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Climate change is causing temperatures to rise throughout the year, but some seasons are warming faster than others. As we approach the start of meteorological winter on December 1st, we see that winter is warming the fastest in most of the country.

Since 1970, winter has warmed at least 1°F in all states analyzed, and at least 3°F in two thirds of those states. Northern winters have heated up the most, with over 5°F of warming in Alaska, Minnesota, Vermont, and Wisconsin. Still, the warming trend is clear across all seasons. When measuring each season in each state, 93 percent of the seasons have warmed at least 1°F since 1970, while none have cooled 1°F.

In much of the West, the transitional seasons of spring and fall are warming the fastest. Warming springs in the Southwest are leading to longer allergy seasons and premature plant blooms, stressing agriculture by pushing plants out of sync with their pollinators. Meanwhile, faster fall warming near the Rockies can shorten the foliage season, increase home cooling costs, and allow disease-carrying insects to remain active. Summers are warming more quickly in Washington and Oregon, increasing the risk of wildfire damage and the resulting smoke pollution.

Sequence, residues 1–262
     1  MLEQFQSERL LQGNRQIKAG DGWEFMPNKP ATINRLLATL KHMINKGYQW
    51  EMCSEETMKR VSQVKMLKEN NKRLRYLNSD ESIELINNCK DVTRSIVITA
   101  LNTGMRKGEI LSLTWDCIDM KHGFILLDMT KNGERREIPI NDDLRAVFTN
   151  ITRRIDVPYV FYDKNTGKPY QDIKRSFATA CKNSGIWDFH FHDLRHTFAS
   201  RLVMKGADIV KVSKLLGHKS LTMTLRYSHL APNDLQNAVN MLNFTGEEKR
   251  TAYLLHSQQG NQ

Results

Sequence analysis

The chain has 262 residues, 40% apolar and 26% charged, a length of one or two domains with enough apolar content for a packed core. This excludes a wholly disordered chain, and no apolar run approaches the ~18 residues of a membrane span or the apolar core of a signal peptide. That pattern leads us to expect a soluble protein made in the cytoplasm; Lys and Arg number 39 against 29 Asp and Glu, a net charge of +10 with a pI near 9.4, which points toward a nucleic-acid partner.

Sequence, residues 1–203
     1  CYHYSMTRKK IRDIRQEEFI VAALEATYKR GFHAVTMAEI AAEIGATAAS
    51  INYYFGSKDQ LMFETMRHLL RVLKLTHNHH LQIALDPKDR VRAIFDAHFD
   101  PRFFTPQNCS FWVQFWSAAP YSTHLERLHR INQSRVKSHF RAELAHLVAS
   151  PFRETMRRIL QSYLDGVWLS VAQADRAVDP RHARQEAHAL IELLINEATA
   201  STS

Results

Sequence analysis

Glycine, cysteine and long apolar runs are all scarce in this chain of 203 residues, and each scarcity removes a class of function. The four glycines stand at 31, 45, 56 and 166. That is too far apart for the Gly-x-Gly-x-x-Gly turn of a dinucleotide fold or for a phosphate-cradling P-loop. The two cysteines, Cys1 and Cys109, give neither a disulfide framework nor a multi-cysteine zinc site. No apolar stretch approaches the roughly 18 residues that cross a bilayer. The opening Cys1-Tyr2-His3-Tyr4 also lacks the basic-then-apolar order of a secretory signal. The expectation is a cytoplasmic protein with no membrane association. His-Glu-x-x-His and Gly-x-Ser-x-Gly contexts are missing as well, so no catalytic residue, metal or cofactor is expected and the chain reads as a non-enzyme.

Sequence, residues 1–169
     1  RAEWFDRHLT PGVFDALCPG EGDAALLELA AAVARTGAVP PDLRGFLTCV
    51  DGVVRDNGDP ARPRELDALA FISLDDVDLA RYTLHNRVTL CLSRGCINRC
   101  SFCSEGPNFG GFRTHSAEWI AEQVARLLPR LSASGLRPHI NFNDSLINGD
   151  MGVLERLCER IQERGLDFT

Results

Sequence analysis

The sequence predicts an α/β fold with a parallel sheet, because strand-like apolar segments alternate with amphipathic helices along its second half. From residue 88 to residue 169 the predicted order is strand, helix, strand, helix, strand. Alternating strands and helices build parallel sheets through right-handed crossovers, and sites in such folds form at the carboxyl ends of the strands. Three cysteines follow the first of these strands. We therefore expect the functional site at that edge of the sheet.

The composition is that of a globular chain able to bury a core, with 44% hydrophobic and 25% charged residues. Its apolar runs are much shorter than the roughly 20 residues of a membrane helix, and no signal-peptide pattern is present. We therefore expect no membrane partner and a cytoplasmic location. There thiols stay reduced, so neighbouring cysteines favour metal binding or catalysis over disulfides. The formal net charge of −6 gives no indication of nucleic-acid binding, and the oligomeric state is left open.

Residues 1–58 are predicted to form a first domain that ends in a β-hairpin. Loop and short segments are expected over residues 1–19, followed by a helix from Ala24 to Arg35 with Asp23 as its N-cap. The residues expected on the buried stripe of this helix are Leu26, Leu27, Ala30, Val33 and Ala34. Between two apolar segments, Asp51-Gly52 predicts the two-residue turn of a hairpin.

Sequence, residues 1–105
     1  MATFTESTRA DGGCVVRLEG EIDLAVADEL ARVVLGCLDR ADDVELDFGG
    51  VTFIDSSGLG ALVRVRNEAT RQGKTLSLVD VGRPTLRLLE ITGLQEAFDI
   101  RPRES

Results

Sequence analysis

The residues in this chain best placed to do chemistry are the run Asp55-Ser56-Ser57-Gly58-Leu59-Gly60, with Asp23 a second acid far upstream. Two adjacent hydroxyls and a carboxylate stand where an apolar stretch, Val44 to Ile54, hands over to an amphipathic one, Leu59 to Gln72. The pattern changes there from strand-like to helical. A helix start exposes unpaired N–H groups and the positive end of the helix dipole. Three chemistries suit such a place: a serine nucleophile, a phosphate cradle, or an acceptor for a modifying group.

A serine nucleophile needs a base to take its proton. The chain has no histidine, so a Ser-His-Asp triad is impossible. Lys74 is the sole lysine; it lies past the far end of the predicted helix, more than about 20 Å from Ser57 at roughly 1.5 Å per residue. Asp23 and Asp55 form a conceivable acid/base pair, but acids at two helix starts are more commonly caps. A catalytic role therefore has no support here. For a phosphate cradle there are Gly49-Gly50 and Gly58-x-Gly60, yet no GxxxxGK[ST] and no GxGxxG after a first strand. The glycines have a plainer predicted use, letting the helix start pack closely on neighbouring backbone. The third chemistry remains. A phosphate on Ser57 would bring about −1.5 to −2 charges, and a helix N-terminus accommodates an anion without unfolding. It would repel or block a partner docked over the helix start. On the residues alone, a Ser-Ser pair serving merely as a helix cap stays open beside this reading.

But winter is the fastest-warming season in 38 states, where the changing climate is harming local economies and ecosystems. Climate Central has shown that more winter precipitation is falling as rain, affecting western snowpack and nationwide winter sports industries. According to a report using 2015-2016 data, the winter sports of downhill skiing, snowboarding, and snowmobiling contributed over $20 billion to the U.S. economy. Low snow years saw an average loss of 17,400 jobs and over $1 billion. In less snowy places like the Southeast, fruit trees are suffering with less natural chilling time, hurting a multi-billion dollar industry. With warmer winters, even the apples from Thanksgiving pies may be threatened.

Methodology: Trends for meteorological seasons are calculated using monthly average temperature data between 1970 and 2017 (data from the NOAA NCEI). For clarity and the ability to compare different seasons, we have omitted the annual data points and displayed only the linear trends over time. Data for Hawaii and Puerto Rico are not available, so the cities of Honolulu, Hawaii and San Juan, Puerto Rico were substituted in those states’ graphics.

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